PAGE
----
Tanzania promotes safety at its national museums amidst COVID-19 global pandemic

The United Republic of Tanzania stands out in the Africa region as one of the few countries that did not close their museums due to COVID-19 pandemic. A recent UNESCO Report on Museums Around the World in the Face of COVID-19 indicates that 90 percent of the estimated 95,000 around the globe closed their doors during the crisis and, according to the International Council of Museums (ICOM), more than 10% may never reopen.

The National Museum of Tanzania has been enhancing and expanding its services by opening branches in different regions of the country in order to reach the public. Currently, The National Museum of Tanzania manages seven museums: Museum and House of Culture and Village Museum, in Dar es Salaam, Natural History Museum and Arusha Declaration Museum in Arusha, Mwalimu Julius Kambarage Nyerere’s Memorial Museum in Butiama, Musoma, Mara region, and Maji Maji Memorial Museum and Kawawa Memorial Museum in Songea. Ruvuma region. In addition, the National Museum of Tanzania also oversees over 90 heritage sites located across the country. Museums in Zanzibar include: The House of Wonders (Beit-al-Ajaib - currently serving as the  National Museum of History & Culture), Palace Museum (Beit al-Sahel), Princess Salme Museum at Emerson on Hurumzi, Peace Memorial Museum (Beit el Amani) and Freddie Mercury Museum.

After the first confirmed case of COVID-19 in Tanzania, the number of visitors at the museum decreased. Since then, the museums in Tanzania have been keen in ensuring all preventive measures are in place as part of efforts to combat COVID-19 and ensure all staff and visitors are safe. Gradually, the number of local and international visitors in Tanzania museums have been increasing.

In addition, the museums in Tanzania are adhering to the Standard of Operations (SOPs) for the management of COVID-19 developed by the Ministry of Natural Resources and Tourism to guide tourism operators including the National Museum. Some of the measures that have been put in place include: screening temperature of all visitors and staff at the point of entry; maintaining a physical distance of at-least one (1) meter from one person to another; hand washing with running water and soap or use hand sanitizer; providing personal protective equipment for staff attending guests and servicing guest areas; and requiring guests/staff to wear mask as appropriate.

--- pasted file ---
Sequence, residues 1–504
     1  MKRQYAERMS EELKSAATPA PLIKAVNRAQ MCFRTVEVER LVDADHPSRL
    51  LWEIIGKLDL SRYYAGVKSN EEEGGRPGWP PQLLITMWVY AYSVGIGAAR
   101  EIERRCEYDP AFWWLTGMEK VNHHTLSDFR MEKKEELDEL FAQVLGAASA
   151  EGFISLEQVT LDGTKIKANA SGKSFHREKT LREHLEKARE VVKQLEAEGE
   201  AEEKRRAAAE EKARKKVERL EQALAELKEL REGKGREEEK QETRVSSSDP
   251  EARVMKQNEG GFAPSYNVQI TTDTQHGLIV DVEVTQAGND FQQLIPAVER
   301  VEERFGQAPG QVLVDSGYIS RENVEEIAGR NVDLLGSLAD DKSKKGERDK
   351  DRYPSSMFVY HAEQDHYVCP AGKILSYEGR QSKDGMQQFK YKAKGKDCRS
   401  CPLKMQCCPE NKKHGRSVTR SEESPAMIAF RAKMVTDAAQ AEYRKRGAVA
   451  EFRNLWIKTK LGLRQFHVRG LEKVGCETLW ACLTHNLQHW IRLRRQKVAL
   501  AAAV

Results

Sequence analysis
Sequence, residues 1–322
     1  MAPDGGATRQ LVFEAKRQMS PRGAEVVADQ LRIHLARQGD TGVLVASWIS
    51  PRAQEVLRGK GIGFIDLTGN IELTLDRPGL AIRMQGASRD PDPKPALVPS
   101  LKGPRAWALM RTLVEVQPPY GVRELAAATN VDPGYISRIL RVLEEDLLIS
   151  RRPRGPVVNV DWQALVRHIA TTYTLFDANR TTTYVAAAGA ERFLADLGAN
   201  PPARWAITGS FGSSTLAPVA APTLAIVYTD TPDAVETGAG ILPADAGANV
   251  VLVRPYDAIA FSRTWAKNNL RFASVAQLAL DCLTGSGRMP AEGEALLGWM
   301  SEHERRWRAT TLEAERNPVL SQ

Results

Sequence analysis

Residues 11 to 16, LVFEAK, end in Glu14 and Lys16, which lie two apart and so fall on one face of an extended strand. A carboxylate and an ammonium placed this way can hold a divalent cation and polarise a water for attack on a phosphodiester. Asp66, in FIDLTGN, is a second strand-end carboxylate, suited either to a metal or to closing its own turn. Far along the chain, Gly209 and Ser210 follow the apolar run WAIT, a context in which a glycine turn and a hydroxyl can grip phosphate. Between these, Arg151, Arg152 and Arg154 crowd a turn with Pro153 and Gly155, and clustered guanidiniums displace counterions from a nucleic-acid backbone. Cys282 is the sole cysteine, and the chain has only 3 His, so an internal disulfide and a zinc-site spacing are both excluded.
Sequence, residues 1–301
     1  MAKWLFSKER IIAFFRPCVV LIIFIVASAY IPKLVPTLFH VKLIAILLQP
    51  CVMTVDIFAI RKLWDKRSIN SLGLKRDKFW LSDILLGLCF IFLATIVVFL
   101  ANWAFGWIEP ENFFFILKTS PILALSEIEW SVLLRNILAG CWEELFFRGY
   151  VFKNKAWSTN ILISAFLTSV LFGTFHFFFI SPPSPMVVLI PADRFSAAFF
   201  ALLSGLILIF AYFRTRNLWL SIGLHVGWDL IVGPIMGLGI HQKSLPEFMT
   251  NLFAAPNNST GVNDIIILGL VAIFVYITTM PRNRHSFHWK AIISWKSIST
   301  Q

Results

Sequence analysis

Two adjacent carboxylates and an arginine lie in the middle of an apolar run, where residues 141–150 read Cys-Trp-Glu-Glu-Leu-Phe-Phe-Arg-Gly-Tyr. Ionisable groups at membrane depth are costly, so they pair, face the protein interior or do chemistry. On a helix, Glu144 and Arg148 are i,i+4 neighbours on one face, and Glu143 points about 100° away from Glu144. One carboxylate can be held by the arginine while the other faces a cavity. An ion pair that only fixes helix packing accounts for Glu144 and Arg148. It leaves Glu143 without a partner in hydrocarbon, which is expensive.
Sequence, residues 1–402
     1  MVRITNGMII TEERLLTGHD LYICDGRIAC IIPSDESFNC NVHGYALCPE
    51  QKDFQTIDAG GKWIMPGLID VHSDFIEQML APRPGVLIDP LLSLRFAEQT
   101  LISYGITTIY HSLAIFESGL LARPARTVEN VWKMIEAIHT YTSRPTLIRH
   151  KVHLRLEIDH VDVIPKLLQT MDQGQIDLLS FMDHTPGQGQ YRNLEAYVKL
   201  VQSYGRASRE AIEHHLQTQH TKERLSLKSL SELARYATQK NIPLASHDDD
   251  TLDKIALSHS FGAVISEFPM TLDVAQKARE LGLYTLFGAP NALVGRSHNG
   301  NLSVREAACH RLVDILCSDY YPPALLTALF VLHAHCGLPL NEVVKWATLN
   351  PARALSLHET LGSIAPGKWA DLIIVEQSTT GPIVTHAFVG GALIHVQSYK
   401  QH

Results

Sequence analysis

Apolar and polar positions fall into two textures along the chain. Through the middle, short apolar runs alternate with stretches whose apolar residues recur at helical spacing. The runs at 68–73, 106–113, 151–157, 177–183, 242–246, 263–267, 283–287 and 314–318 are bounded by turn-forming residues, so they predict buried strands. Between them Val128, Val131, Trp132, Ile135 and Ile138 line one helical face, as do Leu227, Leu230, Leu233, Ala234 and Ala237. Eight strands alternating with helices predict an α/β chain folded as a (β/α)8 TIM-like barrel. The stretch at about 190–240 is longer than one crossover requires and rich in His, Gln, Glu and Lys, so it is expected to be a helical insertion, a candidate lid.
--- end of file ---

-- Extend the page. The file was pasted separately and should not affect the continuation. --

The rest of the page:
The National Museum of Tanzania shared the following video with the public via its social media channels showing the preventive measures they are taking as part of combating COVID-19 pandemic: Makumbusho ni Salama (Museum is Safe).

The National Museum of Tanzania is a safe place to visit. It has taken all necessary measures and precautions as per directives of the Government through the Ministry of Health, Community Development, Gender, Elderly and Children; and of health experts to ensure safety of its staff and visitors against COVID-19
Dr Noel Lwoga, Director-General of the National Museum of Tanzania

As part of recovery plan after COVID-19 pandemic, Hon. Hamis Kigwangalla, Minister of Natural Resources and Tourism, has been meeting Ambassadors from different countries based in Tanzania in order to share information on the readiness of Tanzania to receive tourists from their countries. He is also ensuring the Ambassadors have factual information in an effort to fight the spread of disinformation as a result of COVID-19 pandemic.

The International Council of Museums has issued guidelines for reopening museums, which contain some basic measures that can be taken to protect the health of both visitors and staff, and are meant to compliment national regulations. These include tips for preparing for the arrival of the public, adapting the flow of visitors, strengthening health measures, restricting some access if necessary, as well as measures for reception and security staff, cleaning and conservation measures, and guidance for office staff.

UNESCO has been tracking actions taken by museums around the globe in response to the COVID-19 pandemic, including efforts to safely re-open to the public. Together UNESCO and ICOM have undertaken global surveys to monitor the impact of the crisis on museums.

Museums can provide a safe place and inspiring learning environment for those who have experienced months of isolation
Ms. Ann Therese Ndong-Jatta, Director, UNESCO Regional Office for Eastern Africa